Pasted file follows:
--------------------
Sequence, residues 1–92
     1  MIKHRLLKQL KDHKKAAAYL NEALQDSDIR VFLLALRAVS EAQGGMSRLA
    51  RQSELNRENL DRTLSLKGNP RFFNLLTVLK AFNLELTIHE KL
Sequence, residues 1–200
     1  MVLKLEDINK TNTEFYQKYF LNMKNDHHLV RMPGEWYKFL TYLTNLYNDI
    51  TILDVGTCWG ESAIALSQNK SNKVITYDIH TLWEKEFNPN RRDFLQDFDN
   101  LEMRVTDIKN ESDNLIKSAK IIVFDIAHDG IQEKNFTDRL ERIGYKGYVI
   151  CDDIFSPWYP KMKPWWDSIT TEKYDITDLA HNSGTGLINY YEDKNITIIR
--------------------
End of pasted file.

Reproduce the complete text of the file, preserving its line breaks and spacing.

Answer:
Sequence, residues 1–92
     1  MIKHRLLKQL KDHKKAAAYL NEALQDSDIR VFLLALRAVS EAQGGMSRLA
    51  RQSELNRENL DRTLSLKGNP RFFNLLTVLK AFNLELTIHE KL
Sequence, residues 1–200
     1  MVLKLEDINK TNTEFYQKYF LNMKNDHHLV RMPGEWYKFL TYLTNLYNDI
    51  TILDVGTCWG ESAIALSQNK SNKVITYDIH TLWEKEFNPN RRDFLQDFDN
   101  LEMRVTDIKN ESDNLIKSAK IIVFDIAHDG IQEKNFTDRL ERIGYKGYVI
   151  CDDIFSPWYP KMKPWWDSIT TEKYDITDLA HNSGTGLINY YEDKNITIIR